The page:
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Page 16 of 107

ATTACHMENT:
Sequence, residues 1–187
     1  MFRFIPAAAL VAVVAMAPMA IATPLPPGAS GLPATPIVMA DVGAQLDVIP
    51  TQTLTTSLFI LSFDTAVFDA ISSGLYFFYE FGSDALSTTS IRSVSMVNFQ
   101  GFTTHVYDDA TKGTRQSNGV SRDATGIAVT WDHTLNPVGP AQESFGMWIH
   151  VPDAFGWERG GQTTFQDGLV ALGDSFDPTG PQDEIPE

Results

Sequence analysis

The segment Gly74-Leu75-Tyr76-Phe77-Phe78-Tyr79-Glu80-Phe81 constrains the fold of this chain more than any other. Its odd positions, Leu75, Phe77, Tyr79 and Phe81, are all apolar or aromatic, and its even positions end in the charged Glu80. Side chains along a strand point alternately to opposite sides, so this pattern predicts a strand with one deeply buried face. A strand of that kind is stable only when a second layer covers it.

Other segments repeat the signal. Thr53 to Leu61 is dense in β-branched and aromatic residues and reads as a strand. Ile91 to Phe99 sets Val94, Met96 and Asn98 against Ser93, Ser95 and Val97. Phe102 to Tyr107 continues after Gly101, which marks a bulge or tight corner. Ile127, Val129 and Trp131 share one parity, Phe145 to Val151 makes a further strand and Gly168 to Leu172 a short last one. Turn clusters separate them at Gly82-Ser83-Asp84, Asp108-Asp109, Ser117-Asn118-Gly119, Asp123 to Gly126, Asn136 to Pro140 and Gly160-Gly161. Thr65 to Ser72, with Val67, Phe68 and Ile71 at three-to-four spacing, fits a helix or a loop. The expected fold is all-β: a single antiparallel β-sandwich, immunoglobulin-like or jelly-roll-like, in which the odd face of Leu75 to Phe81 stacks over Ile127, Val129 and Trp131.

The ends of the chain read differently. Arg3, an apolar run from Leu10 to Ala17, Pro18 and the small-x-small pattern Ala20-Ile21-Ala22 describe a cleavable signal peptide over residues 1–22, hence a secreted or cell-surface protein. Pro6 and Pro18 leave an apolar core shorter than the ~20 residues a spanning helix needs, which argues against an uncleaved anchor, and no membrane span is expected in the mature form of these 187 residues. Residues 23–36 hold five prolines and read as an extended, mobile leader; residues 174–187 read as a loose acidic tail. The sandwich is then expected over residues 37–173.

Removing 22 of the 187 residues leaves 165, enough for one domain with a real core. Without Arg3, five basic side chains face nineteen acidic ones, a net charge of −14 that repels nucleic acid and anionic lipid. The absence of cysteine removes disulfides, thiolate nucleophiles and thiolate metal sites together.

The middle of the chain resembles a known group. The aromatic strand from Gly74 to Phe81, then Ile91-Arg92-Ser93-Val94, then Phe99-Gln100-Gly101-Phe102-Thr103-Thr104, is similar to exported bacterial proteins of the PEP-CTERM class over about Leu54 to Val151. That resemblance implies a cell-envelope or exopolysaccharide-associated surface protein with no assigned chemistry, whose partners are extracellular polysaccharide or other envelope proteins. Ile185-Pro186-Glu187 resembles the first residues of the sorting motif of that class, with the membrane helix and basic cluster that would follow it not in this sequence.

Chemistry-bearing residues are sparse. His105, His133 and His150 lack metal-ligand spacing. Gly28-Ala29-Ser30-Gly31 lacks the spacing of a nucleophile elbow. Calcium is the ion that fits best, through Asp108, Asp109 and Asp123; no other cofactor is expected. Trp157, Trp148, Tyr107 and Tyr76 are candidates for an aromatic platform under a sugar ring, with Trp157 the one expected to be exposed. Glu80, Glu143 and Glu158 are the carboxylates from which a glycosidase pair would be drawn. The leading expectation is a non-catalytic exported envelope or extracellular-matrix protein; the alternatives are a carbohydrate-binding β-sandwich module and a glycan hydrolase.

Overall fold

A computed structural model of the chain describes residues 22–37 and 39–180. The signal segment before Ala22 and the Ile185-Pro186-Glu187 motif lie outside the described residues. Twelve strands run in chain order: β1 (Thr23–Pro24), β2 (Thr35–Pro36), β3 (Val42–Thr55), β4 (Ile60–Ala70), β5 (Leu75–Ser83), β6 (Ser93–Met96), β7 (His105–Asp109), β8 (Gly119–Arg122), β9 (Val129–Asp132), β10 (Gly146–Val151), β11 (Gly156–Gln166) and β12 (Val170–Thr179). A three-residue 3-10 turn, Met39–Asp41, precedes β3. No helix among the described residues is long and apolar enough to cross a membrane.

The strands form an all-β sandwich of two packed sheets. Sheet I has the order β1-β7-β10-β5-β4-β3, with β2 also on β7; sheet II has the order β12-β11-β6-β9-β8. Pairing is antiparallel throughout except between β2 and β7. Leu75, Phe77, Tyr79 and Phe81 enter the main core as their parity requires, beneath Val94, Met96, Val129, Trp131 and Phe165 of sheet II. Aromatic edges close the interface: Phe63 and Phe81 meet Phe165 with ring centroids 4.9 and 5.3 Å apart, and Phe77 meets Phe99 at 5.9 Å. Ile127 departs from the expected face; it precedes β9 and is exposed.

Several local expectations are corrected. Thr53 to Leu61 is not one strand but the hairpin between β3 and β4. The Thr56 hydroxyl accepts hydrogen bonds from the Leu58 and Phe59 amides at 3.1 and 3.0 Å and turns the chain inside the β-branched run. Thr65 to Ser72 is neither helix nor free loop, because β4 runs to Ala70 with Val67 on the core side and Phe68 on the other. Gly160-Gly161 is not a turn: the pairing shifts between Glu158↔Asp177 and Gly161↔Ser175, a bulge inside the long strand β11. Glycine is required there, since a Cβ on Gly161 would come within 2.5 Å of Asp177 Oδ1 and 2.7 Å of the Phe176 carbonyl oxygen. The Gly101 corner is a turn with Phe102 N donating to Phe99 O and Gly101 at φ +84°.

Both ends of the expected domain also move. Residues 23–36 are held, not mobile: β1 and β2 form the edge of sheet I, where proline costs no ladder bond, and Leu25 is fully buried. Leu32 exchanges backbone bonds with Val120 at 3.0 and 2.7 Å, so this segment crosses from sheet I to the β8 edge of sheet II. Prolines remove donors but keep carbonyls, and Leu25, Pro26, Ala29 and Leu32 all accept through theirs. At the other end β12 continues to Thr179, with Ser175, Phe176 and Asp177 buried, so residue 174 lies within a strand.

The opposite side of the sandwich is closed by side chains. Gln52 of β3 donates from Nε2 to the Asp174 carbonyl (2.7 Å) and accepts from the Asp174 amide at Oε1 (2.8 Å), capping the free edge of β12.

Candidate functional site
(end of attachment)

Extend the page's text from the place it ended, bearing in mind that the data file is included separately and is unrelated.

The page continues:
MAY 2024 I PCB007 MAGAZINE 17 issue is partnering to maximize efficiency. I think the suppliers have the resources in place to do a good job. It is just that the partnership is missing. LaRont: Who is talking to the OEMs about this? at's a good question. Matties: Inkjet suppliers on the equipment side have a vested interest in getting the OEMs to spec or qualify the material, especially the solder mask, but I like your approach. Start with coating. Walk before you run. I believe the ink suppli- ers are also talking to the OEMs. I just won- der if it's not a little disjointed because there's not enough fabricator involvement. You need to give the OEM a full analysis of every sin- gle benefit, throughout the whole process, and then work with them directly on imple- mentation. LaRont: Alex, what about standards for these new technologies and processes? Do you see a significant role for IPC or another group in pushing this technology forward through standards? IPC is a bit like a governing entity. I don't believe they are the right group to be pushing it, but they should help facilitate it. e standards come out through input from all the stakehold- ers. We are still very early in the development stages. Standards usually arrive when the prod- ucts are more mature. Matties: That's true. We just conducted an interview about in-mold electronics (IME). Standards are already being developed, but the auto industry is pushing for it. If OEMs don't push it, it doesn't happen. LaRont: Thank you, Alex, for helping us understand this better. You're welcome. PCB007 An international team of researchers from Queen Mary University of London, the University of Oxford, Lancaster University, and the University of Waterloo have developed a new single-molecule transistor that uses quantum interference to control the flow of elec- trons. The transistor opens new possibilities for using quantum effects in electronic devices. Transistors are the basic building blocks of modern electronics. They are used to amplify and switch elec- trical signals, and they are essential for everything from smartphones to space- ships. However, the traditional method of making transistors, which involves etching silicon into tiny channels, is reaching its limits. In the nanoscale structures that Professor Jan Mol, Dr J a m e s T h o m a s , a n d t h e i r group study at Queen Mary's School of Physical and Chemi- cal Sciences, quantum mechanical effects dominate, and electrons behave as waves rather than particles. Interference is a phenomenon that occurs when two waves interact with each other and either cancel each other out (destructive interference) or reinforce each other (constructive interference). In the new transistor's case, researchers switched the transistor on and off by controlling whether the electrons interfere constructively (on) or destructively (off) as they flow through the zinc porphyrin mole- cule. The researchers found that the new transistor has a very high on/off ratio, meaning that it can be turned on and off very precisely. The research is still in its initial stages, but the researchers are optimistic that the new transis- tor could be used to create a new generation of electronic devices. (Source: Queen Mary Univer- sity of London) Researchers Develop New Single-molecule Transistor That Uses Quantum Interference

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